- Most of the Islamic scholars state that the woman has the right to vote when there is an election. For, there is no evidence stating that they have no such rights. Besides, election means paying allegiance. The Prophet (pbuh) accepted allegiance from women. (see al-Mumtahina (60) verse 12 and its interpretations) The view of everybody including young girls was asked for the caliph to be elected after Hz. Umar (ra). [see Muhammed Hamidullah, Islam Müesseselerine Giriş Ist.1981, p. 112 (reported from Ibn Kathir)]

When the woman dies, her shroud has to be bought by her husband.

(For more detailed information of the items presented in summary above, see Ibn Abidin, Raddu'l-Muhtar, Egypt 1380 (1960) NI/571 etc. See also nafaqa parts of all fiqh books, especially Sarakhsi, Mabsut V/180, etc.)

As it s seen, a woman is a person who has no worries and concerns about sustenance; that is, she has full social security. They are all legal rights to be determined by the court when a disagreement arises. In Islam, the husband and wife are not two enemies that always try to get rights from one another. They are two halves of a whole that complement, help and support each other; for instance, the Prophet (pbuh) helped his wives with housework; Hz. Ali (ra) and his wife Fatima (ra) worked in cooperation.


Islam states that the man and the woman were created equally:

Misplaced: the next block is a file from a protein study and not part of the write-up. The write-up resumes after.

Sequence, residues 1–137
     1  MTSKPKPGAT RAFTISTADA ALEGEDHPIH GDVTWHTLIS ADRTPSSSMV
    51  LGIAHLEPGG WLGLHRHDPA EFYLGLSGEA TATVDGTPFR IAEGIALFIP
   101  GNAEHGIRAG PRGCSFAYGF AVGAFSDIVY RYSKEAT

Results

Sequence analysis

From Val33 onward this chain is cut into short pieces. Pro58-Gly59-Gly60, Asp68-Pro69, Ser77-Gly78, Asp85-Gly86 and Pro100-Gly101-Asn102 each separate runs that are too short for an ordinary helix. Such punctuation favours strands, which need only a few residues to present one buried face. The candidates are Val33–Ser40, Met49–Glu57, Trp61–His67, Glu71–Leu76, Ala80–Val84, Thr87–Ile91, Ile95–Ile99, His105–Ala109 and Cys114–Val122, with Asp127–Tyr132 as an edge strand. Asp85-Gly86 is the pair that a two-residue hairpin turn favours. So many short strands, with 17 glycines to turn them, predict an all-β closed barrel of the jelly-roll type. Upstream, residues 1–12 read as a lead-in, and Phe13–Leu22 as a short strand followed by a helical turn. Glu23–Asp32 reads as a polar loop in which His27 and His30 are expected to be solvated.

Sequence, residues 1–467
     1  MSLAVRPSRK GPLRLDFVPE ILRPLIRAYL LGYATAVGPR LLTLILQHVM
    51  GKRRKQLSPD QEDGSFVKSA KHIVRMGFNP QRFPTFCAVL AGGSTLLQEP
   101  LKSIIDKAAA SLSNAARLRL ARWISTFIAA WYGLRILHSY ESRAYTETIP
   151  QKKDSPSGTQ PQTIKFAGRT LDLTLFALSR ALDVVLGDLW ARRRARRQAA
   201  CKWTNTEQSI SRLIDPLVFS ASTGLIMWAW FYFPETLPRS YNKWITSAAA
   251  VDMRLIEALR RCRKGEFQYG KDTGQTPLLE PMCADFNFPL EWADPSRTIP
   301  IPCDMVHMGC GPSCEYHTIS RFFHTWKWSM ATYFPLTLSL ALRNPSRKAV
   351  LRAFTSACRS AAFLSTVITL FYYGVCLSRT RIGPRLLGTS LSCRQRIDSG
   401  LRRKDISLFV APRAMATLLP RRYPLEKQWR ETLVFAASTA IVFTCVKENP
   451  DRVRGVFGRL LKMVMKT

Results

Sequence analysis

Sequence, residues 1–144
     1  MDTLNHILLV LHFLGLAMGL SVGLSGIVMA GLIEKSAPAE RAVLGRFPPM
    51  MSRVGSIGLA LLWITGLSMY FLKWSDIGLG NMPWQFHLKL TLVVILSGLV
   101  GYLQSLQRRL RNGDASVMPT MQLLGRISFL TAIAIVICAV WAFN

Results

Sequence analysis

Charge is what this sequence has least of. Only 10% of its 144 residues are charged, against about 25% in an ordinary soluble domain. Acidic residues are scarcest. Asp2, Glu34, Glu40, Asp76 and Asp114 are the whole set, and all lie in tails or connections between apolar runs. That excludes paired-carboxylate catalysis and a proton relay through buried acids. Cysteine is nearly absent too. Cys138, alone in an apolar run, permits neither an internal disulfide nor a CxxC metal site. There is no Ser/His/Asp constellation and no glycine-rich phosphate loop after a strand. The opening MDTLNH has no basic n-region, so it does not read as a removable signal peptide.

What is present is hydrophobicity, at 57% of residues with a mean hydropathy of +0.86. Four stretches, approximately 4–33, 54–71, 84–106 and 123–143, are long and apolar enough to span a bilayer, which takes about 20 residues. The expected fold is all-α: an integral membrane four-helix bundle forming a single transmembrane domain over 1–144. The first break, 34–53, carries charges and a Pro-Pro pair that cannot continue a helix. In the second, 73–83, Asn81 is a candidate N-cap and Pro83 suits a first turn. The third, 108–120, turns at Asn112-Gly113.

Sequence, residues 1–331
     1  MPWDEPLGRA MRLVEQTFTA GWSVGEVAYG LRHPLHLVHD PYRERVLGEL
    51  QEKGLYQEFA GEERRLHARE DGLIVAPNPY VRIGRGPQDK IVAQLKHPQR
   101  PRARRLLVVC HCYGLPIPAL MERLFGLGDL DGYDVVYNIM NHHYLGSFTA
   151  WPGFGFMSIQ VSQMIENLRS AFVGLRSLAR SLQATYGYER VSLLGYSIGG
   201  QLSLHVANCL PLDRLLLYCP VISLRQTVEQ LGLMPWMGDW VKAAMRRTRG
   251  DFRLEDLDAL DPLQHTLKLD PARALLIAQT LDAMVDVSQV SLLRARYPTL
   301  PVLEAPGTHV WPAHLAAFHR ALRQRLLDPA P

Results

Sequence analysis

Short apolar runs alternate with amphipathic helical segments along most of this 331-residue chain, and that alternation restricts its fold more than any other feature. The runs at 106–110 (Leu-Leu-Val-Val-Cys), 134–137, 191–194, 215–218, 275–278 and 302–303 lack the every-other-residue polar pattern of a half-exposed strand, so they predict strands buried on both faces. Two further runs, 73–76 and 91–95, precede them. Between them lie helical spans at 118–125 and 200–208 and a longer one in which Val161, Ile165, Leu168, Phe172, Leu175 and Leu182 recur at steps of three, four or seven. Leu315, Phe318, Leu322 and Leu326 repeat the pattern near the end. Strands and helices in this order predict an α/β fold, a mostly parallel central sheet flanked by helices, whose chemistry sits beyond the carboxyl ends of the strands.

"O mankind! We created you from a single (pair) of a male and a female..." (al-Hujurat, 49/13).

Islam also states that it does not discriminate between man and woman and that they are not superior to each other in birth, death and life after death. For, man will stand and be reckoned in the presence of Allah alone.  (Maryam, 19/93) The state of the believing women who do righteous deeds and never leave the way of Allah is mentioned as follows: "Whoever works righteousness, man or woman and has Faith, verily, to him will We give a life that is good and pure, and We will bestow on such their reward according to the best of their actions."  (an-Nahl, 16/97).

The difference between man and woman originates from their bodies; it is stated that women are weak and delicate beings. Therefore, differences are seen in their functions in individual and social life; it is seen that women are protected there. Islam did not push women down as it was the case in Jahiliyya life beliefs; it did not make women dominant either as it is the case with matriarchal families. Islam has introduced such a family model that every member of the family has different duties and there is no injustice in those duties. Islam adopted a family model that launched a new era, eliminating all of the attitudes that could put pressure on women in the family and that could harm the family.